Today’s Story of Service comes from Julie Conlon, a local Jefferson Award recipient who began The Lafayette Plarn Project in 2017. Julie was inspired to start this project, now called Yarn ‘n Plarn, after reading a book by Stacey Edgar, a global advocate for women in poverty. In Stacey’s book, she describes how women in developing countries use plastic bags to knit or crochet when yarn isn’t available.

Julie learned that you could use plarn (short for plastic yarn) to create plastic sleeping mats that could be used as a waterproof barrier when sleeping on the ground.

She taught herself how to create sleeping mats from plarn and began working with Lafayette Transitional Housing Center (LTHC) Homeless Services. She made a few tweaks to the original idea and formed a Facebook group and invited volunteers to help. Within a year, she had a team of 5-10 faithful volunteers who met once or twice a week at LTHC to crochet the mats. The group has grown and expanded its service work. Currently, it has 18 - 20 members.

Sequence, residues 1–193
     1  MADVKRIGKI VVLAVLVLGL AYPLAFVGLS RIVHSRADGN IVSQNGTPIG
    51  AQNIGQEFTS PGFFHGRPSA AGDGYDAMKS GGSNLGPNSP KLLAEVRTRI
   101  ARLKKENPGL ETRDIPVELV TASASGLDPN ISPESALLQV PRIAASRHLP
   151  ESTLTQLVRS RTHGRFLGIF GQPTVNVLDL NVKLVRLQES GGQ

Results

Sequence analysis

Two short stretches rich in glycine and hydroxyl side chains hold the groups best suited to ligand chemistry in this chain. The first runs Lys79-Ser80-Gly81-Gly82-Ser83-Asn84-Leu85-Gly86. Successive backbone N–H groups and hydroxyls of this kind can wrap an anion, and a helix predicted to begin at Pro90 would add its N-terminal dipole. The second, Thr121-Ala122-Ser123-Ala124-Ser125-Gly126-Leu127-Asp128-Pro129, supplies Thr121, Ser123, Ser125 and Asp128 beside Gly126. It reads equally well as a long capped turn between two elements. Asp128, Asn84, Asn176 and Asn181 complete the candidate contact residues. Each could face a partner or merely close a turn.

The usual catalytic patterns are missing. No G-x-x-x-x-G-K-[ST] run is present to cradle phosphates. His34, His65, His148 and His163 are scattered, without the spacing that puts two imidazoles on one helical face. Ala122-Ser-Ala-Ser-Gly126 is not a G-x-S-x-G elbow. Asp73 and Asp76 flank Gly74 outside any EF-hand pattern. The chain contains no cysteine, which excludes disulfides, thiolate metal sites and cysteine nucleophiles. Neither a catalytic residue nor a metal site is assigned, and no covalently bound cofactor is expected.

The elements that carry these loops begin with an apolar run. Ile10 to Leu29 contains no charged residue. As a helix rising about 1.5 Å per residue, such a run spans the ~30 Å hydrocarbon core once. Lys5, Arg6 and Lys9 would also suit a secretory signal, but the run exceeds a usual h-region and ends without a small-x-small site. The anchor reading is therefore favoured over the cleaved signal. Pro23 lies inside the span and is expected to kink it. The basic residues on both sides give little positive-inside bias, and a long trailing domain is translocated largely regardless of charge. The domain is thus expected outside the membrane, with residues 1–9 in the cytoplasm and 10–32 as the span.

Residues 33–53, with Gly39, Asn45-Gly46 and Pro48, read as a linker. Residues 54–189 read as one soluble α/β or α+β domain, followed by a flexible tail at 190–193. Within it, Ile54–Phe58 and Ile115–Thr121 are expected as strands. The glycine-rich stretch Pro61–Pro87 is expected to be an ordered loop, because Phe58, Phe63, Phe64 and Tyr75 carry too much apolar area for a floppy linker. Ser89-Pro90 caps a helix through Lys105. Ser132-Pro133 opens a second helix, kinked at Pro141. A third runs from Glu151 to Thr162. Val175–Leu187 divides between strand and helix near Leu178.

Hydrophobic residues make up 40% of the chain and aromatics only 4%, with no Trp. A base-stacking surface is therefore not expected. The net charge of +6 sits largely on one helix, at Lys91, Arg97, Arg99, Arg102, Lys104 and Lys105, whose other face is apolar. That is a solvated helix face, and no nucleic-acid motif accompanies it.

The crafters, who have switched from knitting to crocheting for speed and simplicity, use plastic bags that are in good shape to cut them into strips. The strips are then tied end to end and rolled into balls just like yarn would be. The crafters then start crocheting away — making mats that will be the size of a sleeping bag when they are finished.

“Yarn 'n Plarn's purpose is to bring comfort to folks,” Julie explains. “Those receiving hand-knit or crocheted items range from the homeless to folks in a care facility who never have a visitor or family member stopping by.

To date, approximately 300 sleeping mats and 250 bags have been made. At any given time, two to six clients at LTHC are “on the list” for a sleeping mat. Sleeping mats take three weeks to six months to make.

When asked why she gives back, Julie said, “All of these endeavors have shown each volunteer how we can use our passion for crafting to benefit others. There's nothing that brings more pleasure than knowing someone will enjoy our work.”